When you locate a seller who tells you they are interested in selling, but they tell you they don’t want to list, and they invite you to bring in an offer to purchase, how do you know if they’re genuinely interested in selling?
Similarly, if you have an owner who tells you they are interested in selling, but the price that they want is an above-market price, how do you know if you should even take the listing, or just completely pass on doing so altogether?
In this first situation, you may really be dealing with an owner who isn’t serious about selling, but they want you to give them a current appraisal of the property by you bringing them an offer on it. So in this situation, a good question to ask them ahead of time is, “If I bring you a signed offer from my buyer, will you give me a signed counteroffer to bring back to them?”
Then notice how they respond–If they immediately say something like, “Absolutely! If you bring me a signed offer I will definitely give you a signed counteroffer to take back to your buyer”, this is a good sign that they may be a real seller. However, if they hesitate instead and say something like, “Well, you just bring me in an offer and we’ll see what happens”, this is an indication that they may not be for real, and that they may actually be concerned with signing anything that would then obligate them to sell.
So in this situation, use your own best judgment, and if their asking price is reasonably close to what your buyer would be willing to pay, you may want to submit an offer to see if a transaction can in fact be consummated.
But in the second situation, where the owner is asking a high price, a good question to ask them can be, “If no one is willing to pay your price, and you still own this building five years from now, do you see any problem with that?”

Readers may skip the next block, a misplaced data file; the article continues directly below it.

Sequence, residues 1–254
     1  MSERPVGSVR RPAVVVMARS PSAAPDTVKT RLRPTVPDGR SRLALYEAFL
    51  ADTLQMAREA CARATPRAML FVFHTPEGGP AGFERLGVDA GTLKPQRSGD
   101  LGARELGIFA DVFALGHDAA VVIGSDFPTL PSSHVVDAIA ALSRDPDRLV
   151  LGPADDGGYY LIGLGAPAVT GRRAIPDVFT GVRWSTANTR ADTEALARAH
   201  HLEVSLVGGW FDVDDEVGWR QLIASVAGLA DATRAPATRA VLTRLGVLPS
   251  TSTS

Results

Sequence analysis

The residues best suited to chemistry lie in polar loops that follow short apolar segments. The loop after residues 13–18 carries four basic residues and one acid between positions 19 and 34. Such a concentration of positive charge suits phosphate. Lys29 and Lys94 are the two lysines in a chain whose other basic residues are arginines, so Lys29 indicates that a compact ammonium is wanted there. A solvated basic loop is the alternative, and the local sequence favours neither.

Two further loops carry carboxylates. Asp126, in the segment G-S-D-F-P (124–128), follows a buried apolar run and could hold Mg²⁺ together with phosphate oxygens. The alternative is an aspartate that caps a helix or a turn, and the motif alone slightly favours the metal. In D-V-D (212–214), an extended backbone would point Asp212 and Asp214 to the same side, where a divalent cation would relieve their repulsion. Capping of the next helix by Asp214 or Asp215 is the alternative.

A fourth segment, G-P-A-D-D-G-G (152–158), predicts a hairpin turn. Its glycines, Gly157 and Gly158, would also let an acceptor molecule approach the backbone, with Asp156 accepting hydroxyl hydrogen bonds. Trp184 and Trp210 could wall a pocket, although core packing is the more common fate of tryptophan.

With this in mind, the reason you want to ask this question is because you want to determine if the owner has an underlying, motivating reason to sell their property, or if they’re only a seller if they get a ridiculous price for the property. Because when an owner wants to sell, it’s usually because they either want to, or need to, in order to do something else with the money, and this is why they’re putting the property up on the market to sell it. These underlying reasons to sell can include divorce, a dissolution of partnership, estate planning, trading up, wanting to get out of one particular kind of property and into another one, and flat out needing the money for something else that’s now happening in their life.
However, if an owner is fine with still owning their property five years down the road, unless you can deliver an above-market price to them, you may want to then pass on taking the listing…unless you’re in a market where values are rapidly rising, and you believe that if you control the listing for long enough, that someone may finally step forward and pay the owner that full asking price.
So in putting all of this together, when you’re dealing with owners in either of these two situations, remember to ask them these questions, as they will help you to identify the real sellers, so you can then pass on the ones who will be totally wasting your time.